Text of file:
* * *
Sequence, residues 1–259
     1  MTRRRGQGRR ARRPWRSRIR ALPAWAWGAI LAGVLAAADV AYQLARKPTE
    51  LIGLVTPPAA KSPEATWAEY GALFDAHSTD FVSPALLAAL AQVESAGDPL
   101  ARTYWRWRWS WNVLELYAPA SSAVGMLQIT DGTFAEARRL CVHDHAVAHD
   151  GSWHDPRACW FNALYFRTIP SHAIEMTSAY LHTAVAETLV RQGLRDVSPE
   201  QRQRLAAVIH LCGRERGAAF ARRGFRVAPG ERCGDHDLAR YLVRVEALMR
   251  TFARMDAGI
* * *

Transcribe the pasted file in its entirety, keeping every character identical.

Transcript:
Sequence, residues 1–259
     1  MTRRRGQGRR ARRPWRSRIR ALPAWAWGAI LAGVLAAADV AYQLARKPTE
    51  LIGLVTPPAA KSPEATWAEY GALFDAHSTD FVSPALLAAL AQVESAGDPL
   101  ARTYWRWRWS WNVLELYAPA SSAVGMLQIT DGTFAEARRL CVHDHAVAHD
   151  GSWHDPRACW FNALYFRTIP SHAIEMTSAY LHTAVAETLV RQGLRDVSPE
   201  QRQRLAAVIH LCGRERGAAF ARRGFRVAPG ERCGDHDLAR YLVRVEALMR
   251  TFARMDAGI